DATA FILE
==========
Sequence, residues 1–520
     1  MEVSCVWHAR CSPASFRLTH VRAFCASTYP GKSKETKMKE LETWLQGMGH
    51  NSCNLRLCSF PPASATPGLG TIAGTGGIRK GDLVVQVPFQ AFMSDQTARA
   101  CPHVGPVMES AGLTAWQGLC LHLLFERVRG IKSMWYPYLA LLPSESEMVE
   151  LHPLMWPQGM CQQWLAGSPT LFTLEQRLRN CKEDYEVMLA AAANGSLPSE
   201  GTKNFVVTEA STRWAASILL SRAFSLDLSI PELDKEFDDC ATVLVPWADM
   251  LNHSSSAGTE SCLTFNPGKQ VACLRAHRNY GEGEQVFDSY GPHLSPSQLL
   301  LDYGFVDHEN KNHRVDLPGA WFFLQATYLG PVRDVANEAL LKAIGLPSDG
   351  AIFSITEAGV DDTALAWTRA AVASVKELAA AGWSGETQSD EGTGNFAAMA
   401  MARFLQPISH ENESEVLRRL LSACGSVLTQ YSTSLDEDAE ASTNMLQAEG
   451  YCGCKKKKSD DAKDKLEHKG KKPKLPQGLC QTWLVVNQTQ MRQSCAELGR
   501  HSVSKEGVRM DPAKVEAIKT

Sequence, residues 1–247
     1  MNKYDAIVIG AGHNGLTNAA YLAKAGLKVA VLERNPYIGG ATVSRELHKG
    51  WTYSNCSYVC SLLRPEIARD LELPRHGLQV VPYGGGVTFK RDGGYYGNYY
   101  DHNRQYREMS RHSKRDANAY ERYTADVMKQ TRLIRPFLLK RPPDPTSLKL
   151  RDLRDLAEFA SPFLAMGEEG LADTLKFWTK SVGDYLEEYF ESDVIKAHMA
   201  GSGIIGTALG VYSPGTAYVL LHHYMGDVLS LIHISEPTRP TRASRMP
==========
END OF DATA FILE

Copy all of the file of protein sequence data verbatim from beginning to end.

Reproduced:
Sequence, residues 1–520
     1  MEVSCVWHAR CSPASFRLTH VRAFCASTYP GKSKETKMKE LETWLQGMGH
    51  NSCNLRLCSF PPASATPGLG TIAGTGGIRK GDLVVQVPFQ AFMSDQTARA
   101  CPHVGPVMES AGLTAWQGLC LHLLFERVRG IKSMWYPYLA LLPSESEMVE
   151  LHPLMWPQGM CQQWLAGSPT LFTLEQRLRN CKEDYEVMLA AAANGSLPSE
   201  GTKNFVVTEA STRWAASILL SRAFSLDLSI PELDKEFDDC ATVLVPWADM
   251  LNHSSSAGTE SCLTFNPGKQ VACLRAHRNY GEGEQVFDSY GPHLSPSQLL
   301  LDYGFVDHEN KNHRVDLPGA WFFLQATYLG PVRDVANEAL LKAIGLPSDG
   351  AIFSITEAGV DDTALAWTRA AVASVKELAA AGWSGETQSD EGTGNFAAMA
   401  MARFLQPISH ENESEVLRRL LSACGSVLTQ YSTSLDEDAE ASTNMLQAEG
   451  YCGCKKKKSD DAKDKLEHKG KKPKLPQGLC QTWLVVNQTQ MRQSCAELGR
   501  HSVSKEGVRM DPAKVEAIKT

Sequence, residues 1–247
     1  MNKYDAIVIG AGHNGLTNAA YLAKAGLKVA VLERNPYIGG ATVSRELHKG
    51  WTYSNCSYVC SLLRPEIARD LELPRHGLQV VPYGGGVTFK RDGGYYGNYY
   101  DHNRQYREMS RHSKRDANAY ERYTADVMKQ TRLIRPFLLK RPPDPTSLKL
   151  RDLRDLAEFA SPFLAMGEEG LADTLKFWTK SVGDYLEEYF ESDVIKAHMA
   201  GSGIIGTALG VYSPGTAYVL LHHYMGDVLS LIHISEPTRP TRASRMP